Like HowStuffWorks on Facebook!

How does Santa make it around the world in one night?

        Culture | Christmas

Matter and Antimatter
An antimatter spacecraft like this one could some day shorten a trip to Mars from 11 months to one month.
An antimatter spacecraft like this one could some day shorten a trip to Mars from 11 months to one month.
Photo courtesy NASA

Antimatter is exactly what it sounds like -- the opposite of matter. Antimatter particles are like mirror images of normal particles, with the same mass but opposite charges. When matter and antimatter collide, they annihilate each other, creating a complete conversion of matter into energy. You can read How Antimatter Spacecraft Will Work for more information.

NASA, for instance hopes to build one that would get us to Mars in a matter of weeks [source: NASA]. But Santa's way ahead of the game. One reason it's hard for us to build a matter-antimatter engine is because of the lack of antimatter in the universe -- scientists believe that during the Big Bang, there was more matter than antimatter, and most of the antimatter was annihilated.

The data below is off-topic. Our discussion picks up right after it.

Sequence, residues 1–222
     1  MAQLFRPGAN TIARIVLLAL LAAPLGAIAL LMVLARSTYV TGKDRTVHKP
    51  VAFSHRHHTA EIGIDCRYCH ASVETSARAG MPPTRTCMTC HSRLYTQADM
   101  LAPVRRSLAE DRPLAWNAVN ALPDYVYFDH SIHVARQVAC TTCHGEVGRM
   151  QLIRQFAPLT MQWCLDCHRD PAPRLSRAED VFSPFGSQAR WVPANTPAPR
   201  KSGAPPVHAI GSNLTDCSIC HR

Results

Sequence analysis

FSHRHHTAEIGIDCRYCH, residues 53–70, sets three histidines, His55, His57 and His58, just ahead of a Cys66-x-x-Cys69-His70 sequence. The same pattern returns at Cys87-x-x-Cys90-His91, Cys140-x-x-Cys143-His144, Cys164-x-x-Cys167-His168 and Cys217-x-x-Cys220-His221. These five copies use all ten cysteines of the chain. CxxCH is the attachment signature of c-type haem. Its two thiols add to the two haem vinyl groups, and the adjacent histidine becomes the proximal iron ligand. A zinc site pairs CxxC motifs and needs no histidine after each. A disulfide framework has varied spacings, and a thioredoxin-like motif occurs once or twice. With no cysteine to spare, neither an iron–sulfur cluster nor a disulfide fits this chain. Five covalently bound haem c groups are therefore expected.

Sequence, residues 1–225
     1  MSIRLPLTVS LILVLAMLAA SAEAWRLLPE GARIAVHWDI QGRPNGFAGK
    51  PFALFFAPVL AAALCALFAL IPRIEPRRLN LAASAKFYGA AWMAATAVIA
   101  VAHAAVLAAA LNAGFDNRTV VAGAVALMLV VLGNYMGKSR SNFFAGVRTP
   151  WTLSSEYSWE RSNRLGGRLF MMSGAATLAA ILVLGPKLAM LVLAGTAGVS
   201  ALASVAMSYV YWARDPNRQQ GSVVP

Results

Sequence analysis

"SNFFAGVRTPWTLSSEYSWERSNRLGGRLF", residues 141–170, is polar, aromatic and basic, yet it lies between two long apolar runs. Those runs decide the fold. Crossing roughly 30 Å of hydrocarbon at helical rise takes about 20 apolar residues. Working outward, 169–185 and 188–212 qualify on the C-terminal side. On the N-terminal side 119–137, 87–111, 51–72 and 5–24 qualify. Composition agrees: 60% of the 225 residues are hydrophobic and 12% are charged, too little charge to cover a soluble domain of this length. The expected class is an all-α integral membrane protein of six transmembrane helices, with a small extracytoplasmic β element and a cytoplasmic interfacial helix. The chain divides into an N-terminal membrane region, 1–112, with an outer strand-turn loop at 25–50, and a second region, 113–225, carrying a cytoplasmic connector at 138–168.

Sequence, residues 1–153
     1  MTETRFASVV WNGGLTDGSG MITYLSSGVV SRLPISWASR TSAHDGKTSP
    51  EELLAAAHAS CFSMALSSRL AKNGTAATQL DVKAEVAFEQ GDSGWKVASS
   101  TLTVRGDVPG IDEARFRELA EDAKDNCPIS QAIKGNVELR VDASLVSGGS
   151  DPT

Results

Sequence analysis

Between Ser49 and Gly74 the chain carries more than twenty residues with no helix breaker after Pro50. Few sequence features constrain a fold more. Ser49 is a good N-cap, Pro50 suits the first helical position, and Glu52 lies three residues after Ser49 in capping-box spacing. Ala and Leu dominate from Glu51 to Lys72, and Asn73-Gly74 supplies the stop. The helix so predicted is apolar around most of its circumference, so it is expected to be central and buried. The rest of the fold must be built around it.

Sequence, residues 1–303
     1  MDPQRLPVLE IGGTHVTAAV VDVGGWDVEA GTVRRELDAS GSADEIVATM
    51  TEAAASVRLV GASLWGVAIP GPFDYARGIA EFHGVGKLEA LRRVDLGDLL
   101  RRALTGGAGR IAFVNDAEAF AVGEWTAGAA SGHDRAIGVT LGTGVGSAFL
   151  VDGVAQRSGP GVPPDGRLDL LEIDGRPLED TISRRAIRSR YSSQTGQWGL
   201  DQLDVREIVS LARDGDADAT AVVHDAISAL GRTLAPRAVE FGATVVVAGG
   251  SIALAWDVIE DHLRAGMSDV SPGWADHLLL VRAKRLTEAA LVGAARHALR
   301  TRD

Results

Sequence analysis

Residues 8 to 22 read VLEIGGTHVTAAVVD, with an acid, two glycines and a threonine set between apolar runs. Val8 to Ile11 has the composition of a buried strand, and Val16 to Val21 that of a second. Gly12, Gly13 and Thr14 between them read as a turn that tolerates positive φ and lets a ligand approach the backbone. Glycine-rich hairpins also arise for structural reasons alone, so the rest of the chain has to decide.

Fortunately, we can make antimatter ourselves with big atom smashers like CERN. If we could find a way to safely contain antimatter, we'd be on our way to Mars in about a month. We think that Santa could have a large stock of antimatter in the North Pole -- could that be why Canada, Russia and the U.S. are all scrambling to claim the Arctic?

Another big problem with antimatter propulsion drives is the intense amount of gamma radiation released from the matter-antimatter collision. Since radiation is very harmful, it could put Santa at risk. So we surmise that he must have a closet full of special lead-free red suit to block any surrounding radiation.

Read the next page for even more possible evidence of Santa and his sleigh's existence.


More to Explore